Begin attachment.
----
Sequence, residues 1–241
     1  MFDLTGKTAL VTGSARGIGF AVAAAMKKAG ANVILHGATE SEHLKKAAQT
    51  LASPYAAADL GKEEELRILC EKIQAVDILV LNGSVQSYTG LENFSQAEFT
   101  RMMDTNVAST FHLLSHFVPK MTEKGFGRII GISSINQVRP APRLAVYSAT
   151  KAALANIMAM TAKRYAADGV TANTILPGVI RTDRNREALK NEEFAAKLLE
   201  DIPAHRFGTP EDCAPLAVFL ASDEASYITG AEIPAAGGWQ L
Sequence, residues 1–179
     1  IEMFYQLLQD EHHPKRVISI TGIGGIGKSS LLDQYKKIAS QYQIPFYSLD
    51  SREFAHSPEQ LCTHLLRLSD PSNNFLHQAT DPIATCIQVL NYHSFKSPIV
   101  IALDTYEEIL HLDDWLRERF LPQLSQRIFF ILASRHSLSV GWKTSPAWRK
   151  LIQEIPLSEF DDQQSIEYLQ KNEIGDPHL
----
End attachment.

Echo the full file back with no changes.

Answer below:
Sequence, residues 1–241
     1  MFDLTGKTAL VTGSARGIGF AVAAAMKKAG ANVILHGATE SEHLKKAAQT
    51  LASPYAAADL GKEEELRILC EKIQAVDILV LNGSVQSYTG LENFSQAEFT
   101  RMMDTNVAST FHLLSHFVPK MTEKGFGRII GISSINQVRP APRLAVYSAT
   151  KAALANIMAM TAKRYAADGV TANTILPGVI RTDRNREALK NEEFAAKLLE
   201  DIPAHRFGTP EDCAPLAVFL ASDEASYITG AEIPAAGGWQ L
Sequence, residues 1–179
     1  IEMFYQLLQD EHHPKRVISI TGIGGIGKSS LLDQYKKIAS QYQIPFYSLD
    51  SREFAHSPEQ LCTHLLRLSD PSNNFLHQAT DPIATCIQVL NYHSFKSPIV
   101  IALDTYEEIL HLDDWLRERF LPQLSQRIFF ILASRHSLSV GWKTSPAWRK
   151  LIQEIPLSEF DDQQSIEYLQ KNEIGDPHL